South Hills residents rebound after flash floods bring random havoc
July 18, 2013 4:00 AM
Emergency crews drag a sled containing a beagle named Snuffy after heavy rain flooded and destroyed portions of Irwin Street and Cemetery Street in Elizabeth Borough on July 10.
Heavy rain caused flooding at the intersection of Routes 88 and 51 July 10.
The outbound lanes of Banksville Road were under water as heavy rains flooded the roadway July 10.
By Harry Funk
Vacation didn't go quite as planned for Jeff Campbell.
"I was calling and texting all day Wednesday," said the executive director of the South Hills YMCA.
That was July 10, the day exceptionally heavy rain caused McLaughlin Run to overflow onto the YMCA property on McMurray Road in Upper St. Clair, flooding the Y's two swimming pools.
The force of the water also damaged the parking lot to the point where 40 percent of it is now unusable.
Despite the problems, the main pool and baby pool opened early Monday afternoon, just as temperatures started to rise into the 90s.
"It was a welcome sight. The members were happy and surprised we were open," said Mr. Campbell, whose said his staff worked long hours to prepare the pools.
"We had people say, 'Wow, you all did a great job, it looks great,' " Mr. Campbell said.
In Castle Shannon, Else Franzmann also was able to reopen her business Monday.
Someone Else's Bar on Willow Avenue, closed for several days because of flooding from Saw Mill Run that dumped 4 feet of water into the bar's basement July 10, wiping out her food and beer inventory and various pieces of equipment.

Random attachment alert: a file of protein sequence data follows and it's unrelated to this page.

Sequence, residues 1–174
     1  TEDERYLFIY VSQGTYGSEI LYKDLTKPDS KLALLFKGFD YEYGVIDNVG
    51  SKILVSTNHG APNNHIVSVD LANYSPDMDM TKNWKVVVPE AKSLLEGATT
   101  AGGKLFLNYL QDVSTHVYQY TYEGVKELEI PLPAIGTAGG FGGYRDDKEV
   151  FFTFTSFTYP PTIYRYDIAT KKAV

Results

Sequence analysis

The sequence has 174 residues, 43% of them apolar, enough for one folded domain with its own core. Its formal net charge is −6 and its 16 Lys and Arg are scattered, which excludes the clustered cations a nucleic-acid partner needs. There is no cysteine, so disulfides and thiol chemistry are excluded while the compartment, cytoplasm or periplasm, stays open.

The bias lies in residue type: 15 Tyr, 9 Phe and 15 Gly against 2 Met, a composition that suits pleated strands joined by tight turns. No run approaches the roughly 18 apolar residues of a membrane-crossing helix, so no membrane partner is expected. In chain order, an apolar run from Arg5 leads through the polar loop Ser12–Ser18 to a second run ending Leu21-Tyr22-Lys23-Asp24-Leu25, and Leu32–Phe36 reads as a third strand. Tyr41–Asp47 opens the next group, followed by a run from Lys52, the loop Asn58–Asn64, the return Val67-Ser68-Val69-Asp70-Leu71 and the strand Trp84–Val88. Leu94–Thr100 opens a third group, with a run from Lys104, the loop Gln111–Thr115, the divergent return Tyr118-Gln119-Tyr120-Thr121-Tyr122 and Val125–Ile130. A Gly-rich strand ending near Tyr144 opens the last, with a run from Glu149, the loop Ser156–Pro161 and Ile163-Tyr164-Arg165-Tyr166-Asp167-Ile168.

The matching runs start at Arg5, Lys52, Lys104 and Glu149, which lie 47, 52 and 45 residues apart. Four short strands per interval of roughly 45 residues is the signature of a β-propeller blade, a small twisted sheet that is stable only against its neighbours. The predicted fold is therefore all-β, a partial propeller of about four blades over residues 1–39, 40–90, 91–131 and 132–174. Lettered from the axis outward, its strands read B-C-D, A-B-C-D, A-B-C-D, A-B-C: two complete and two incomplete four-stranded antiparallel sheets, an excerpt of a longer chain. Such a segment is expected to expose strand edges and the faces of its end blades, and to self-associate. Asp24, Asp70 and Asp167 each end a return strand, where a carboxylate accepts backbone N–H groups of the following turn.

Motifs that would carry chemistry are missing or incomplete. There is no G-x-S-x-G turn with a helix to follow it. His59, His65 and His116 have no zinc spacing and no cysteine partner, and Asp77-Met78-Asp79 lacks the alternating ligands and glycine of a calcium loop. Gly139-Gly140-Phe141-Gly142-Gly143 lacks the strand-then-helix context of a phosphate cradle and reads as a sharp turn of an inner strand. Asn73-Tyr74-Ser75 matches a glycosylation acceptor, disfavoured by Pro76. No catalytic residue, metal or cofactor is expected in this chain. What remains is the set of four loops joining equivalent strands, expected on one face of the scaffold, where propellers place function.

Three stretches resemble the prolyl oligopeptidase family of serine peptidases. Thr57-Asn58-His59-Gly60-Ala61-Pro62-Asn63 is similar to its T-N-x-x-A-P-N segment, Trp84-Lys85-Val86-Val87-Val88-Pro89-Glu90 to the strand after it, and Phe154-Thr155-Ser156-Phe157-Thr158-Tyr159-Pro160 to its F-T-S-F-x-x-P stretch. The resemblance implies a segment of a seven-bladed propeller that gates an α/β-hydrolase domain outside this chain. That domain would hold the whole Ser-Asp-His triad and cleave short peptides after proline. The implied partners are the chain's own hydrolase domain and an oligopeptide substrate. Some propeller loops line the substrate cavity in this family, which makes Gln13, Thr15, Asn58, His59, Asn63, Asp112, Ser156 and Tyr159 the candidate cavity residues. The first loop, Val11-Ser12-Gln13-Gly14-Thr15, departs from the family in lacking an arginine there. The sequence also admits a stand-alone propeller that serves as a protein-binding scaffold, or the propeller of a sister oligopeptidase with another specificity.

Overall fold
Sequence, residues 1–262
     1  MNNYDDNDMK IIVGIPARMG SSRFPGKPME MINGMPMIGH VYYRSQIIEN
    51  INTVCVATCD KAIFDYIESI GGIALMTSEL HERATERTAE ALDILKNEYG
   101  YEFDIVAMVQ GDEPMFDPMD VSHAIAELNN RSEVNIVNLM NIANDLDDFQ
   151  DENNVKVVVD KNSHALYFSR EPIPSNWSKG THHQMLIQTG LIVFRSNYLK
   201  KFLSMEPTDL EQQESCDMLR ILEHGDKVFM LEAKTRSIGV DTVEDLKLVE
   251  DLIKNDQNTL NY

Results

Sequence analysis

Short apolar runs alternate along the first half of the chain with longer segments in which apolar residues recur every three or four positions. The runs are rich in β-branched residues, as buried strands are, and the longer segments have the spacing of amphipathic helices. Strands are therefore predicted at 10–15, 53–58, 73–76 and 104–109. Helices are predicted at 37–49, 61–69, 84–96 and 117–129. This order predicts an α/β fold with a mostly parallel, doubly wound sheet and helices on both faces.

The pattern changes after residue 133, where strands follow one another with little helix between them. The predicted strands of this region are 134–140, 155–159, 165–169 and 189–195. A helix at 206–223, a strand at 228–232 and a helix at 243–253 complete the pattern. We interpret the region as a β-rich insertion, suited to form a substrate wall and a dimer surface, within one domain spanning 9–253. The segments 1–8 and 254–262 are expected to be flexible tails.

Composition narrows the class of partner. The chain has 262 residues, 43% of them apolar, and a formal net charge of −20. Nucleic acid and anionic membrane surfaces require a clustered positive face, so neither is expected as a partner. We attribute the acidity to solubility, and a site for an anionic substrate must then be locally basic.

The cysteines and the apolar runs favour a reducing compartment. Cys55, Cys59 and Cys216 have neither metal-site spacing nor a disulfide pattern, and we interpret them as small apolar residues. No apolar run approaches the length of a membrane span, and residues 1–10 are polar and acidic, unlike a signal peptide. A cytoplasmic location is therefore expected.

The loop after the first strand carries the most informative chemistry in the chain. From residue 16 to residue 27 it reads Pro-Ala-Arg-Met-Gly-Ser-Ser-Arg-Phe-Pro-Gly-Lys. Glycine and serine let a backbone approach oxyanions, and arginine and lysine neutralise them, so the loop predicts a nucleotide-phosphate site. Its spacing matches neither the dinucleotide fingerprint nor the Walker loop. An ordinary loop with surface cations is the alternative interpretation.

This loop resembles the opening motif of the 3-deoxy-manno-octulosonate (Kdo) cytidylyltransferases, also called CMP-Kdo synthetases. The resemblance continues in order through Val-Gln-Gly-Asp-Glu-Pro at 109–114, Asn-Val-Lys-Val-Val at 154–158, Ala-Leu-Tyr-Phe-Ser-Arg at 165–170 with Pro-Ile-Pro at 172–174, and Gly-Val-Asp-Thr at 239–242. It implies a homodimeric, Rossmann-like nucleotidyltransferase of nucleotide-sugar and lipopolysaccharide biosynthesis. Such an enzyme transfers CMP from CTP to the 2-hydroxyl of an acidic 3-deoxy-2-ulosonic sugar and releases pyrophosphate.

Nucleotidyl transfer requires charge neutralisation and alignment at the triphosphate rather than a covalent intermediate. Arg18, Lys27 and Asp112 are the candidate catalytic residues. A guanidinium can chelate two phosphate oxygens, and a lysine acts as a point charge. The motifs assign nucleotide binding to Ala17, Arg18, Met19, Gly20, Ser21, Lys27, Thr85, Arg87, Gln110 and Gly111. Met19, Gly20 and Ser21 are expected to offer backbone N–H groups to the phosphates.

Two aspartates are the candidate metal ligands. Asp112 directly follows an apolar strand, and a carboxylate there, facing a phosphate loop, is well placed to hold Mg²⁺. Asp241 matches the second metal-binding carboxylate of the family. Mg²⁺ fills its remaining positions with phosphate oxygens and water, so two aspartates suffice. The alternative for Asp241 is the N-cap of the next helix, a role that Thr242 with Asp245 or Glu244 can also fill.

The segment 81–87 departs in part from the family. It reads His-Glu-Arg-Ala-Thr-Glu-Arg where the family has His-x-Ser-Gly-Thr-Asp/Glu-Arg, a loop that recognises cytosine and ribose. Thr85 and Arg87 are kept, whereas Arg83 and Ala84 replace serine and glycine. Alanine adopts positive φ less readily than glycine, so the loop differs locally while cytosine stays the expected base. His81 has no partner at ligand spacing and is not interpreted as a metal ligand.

Several electrical outlets also were damaged.
"They were replaced very quickly, by good Samaritans," Ms. Franzmann said.
Nearby McGervey Electric Inc. did the work at no charge.
Others who helped the day of the flood were members of the Castle Shannon Volunteer Fire Department who helped pump out the water, including Chief Bill Reffner.
"He gave me six hours of his time, which was quite tremendous," Ms. Franzmann said.
Once the water was out, she had to clean the sludge left in its wake, along with ordering new food and replacement equipment.
"Some people asked, 'Why aren't you more upset?' " she said. "I told them there's nothing I can do. I can't control the floods.
"There's no time to cry, and sit around and pout. You have to get it back together."
In Mt. Lebanon, flooding occurred in some low-lying areas, especially along Cedar Boulevard near Bird Park. That situation cleared up rapidly.
"We were trying to keep the population apprised on areas to avoid if they needed to be out," said Susan Morgans, municipal spokeswoman.
Residents, some of whom experienced basement flooding, were advised to call 911, and Ms. Morgans said Allegheny County dispatch did a good job of prioritizing calls.
The renovation project at Mt. Lebanon High School was not adversely affected even though Horsman Drive, which runs behind the school, was flooded. Tom Berkebile of P.J. Dick, the project construction manager, said work was not able to begin on time the morning of the storm, but about half the normal crew was on site later in the day.
In bordering Dormont, the swimming pool on McFarland Road was closed July 10 when dirt washed into it, but the reopened the following day.
Other parts of Dormont also were hit hard, including the area near Athens Alley, which has been the target of a storm-water infrastructure improvement project because of recurring problems with rising water.
"We had some issues with significant flooding, but it went away as soon as the rain stopped," said Jeff Naftal, borough manager. "Everything was resolved relatively quickly."